"Dangerism is a term which refers to the practice of maximising the perception of risk and the cultivation of fear and the accommodation of those fears by a "hardening" of safety measures, which then, in turn feed back into a greater yet perception of risk in an increasingly strident feedback howl, until an activity comes to be regarded (however irrationally) as being almost unthinkably dangerous." Aberdeen Cars
Dave J. uses the term appropriately in an interview with Keira-Anne at kiera-anne.com: "I think there is always the tendency to fall prey to unwarranted “dangerism” and hold the view that a skate park is an extremely risky place, but the statistics are pretty clear that other sports such as basketball and soccer have a much higher level of injury than skateboarding."
I think the formal definition for "dangerism" could be something like: "belief systems or ideologies that allow a culture or individual to selectively choose which activities are considered dangerous, often without regard to measurable risk."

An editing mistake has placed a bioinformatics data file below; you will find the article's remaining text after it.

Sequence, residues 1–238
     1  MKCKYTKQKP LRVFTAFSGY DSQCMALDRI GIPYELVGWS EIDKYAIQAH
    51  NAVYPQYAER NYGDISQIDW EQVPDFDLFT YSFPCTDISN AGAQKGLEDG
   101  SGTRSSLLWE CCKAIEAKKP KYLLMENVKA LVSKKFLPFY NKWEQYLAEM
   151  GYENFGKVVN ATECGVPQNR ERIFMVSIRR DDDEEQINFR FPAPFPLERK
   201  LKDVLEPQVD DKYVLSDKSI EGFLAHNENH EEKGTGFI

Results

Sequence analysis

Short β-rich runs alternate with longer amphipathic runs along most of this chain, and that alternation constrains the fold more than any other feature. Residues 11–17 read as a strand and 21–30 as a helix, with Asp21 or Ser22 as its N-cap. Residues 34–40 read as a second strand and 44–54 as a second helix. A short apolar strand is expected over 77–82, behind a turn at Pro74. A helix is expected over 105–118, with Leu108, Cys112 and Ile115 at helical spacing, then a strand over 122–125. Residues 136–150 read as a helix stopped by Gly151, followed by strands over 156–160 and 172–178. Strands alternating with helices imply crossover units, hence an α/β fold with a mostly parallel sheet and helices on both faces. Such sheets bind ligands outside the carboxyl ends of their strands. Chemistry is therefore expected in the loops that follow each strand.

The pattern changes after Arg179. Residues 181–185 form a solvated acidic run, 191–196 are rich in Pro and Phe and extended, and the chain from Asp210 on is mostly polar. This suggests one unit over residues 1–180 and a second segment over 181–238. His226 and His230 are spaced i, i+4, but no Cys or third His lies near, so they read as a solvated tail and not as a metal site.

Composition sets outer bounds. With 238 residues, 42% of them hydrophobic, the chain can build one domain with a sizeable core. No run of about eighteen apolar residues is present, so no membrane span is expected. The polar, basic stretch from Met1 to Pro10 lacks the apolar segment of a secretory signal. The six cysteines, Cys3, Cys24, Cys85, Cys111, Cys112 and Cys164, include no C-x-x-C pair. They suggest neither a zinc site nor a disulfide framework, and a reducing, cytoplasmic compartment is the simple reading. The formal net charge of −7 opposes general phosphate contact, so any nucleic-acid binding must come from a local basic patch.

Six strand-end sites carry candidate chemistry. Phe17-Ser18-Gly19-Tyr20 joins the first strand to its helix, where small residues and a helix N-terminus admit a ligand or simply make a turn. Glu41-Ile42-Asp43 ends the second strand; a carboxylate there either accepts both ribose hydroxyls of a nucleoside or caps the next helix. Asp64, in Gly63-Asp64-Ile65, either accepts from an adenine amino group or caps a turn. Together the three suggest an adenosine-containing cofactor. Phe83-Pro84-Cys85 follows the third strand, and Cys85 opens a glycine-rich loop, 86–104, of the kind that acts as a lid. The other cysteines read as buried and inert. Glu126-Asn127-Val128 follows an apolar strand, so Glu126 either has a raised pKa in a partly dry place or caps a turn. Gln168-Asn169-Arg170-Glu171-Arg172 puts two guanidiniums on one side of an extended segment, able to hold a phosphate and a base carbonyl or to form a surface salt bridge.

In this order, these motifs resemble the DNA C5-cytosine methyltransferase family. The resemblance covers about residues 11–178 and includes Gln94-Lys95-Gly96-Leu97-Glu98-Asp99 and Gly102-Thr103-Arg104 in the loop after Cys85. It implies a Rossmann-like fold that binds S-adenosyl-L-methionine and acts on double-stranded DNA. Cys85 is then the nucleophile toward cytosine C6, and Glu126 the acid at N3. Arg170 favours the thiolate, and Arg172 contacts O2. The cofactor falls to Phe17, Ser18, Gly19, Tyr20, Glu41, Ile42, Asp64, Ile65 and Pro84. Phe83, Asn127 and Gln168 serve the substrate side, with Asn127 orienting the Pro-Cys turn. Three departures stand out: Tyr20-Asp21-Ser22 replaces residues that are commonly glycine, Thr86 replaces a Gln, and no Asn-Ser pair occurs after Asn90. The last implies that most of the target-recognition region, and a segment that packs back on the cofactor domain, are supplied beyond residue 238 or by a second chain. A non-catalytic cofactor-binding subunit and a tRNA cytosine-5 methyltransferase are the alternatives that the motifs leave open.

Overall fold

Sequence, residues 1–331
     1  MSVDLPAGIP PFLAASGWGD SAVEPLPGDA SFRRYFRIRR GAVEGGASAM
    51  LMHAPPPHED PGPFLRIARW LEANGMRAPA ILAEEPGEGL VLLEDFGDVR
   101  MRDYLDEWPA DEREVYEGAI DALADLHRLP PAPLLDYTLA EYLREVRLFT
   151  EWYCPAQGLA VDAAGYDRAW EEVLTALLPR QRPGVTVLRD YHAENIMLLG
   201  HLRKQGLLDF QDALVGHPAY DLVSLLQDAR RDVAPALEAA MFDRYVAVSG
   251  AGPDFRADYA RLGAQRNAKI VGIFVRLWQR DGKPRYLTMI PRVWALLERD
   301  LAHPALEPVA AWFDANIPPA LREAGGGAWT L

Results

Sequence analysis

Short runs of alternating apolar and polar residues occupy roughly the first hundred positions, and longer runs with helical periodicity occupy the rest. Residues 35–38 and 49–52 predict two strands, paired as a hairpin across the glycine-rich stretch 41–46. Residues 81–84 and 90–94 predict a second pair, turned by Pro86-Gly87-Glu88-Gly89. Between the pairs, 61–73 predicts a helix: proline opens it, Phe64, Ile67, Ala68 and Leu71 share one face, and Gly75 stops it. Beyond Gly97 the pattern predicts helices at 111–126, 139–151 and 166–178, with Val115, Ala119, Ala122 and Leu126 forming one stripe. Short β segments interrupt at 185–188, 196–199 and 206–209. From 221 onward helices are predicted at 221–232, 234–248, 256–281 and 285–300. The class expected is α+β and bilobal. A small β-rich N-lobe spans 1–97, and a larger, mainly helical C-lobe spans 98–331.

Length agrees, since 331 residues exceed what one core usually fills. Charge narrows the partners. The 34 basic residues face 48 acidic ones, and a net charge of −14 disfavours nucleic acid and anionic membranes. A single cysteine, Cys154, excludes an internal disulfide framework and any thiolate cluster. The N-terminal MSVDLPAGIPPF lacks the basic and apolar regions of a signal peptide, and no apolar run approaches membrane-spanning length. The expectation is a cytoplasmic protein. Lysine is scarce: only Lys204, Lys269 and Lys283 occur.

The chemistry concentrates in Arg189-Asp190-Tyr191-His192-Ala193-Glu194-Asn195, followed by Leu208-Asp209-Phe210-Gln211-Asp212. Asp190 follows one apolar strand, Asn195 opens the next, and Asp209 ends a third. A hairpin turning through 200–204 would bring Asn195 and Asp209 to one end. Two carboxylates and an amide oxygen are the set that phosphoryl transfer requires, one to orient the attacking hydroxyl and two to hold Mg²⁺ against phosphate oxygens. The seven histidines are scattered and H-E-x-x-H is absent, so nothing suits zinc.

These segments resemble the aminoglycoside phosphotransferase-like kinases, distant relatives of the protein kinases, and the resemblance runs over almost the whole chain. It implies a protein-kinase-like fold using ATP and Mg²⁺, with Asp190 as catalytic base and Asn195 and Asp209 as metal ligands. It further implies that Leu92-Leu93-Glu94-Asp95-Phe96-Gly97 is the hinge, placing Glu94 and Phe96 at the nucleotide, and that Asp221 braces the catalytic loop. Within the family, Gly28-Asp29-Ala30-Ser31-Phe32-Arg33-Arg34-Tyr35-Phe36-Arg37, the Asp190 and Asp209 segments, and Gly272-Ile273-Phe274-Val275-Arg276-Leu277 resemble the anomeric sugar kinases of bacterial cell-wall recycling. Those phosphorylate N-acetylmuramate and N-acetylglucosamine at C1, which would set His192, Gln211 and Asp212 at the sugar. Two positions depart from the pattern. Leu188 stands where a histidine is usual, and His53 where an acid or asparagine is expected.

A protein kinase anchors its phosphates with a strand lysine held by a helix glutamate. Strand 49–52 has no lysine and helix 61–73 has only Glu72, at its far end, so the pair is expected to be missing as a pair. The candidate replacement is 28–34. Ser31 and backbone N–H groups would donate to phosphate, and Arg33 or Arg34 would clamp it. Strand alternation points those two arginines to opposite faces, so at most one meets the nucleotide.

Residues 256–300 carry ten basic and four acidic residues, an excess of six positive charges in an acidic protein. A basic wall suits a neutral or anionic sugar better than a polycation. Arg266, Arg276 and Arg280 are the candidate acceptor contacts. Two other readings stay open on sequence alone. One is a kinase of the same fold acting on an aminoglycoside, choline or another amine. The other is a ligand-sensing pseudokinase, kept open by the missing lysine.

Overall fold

"So, I propose the term “dangerism” to describe how a culture decides what is and isn’t dangerous. The sources of dangerism can be traced to both personal and social sources. Our individual perception of risk is based on a combination of personal experiences and family history. The cultural aspects of dangerism are probably best described by anthropologists, but the popular news media certainly plays a part in creating exaggerated portrayals of risk." —Gever Tulley, Dangerism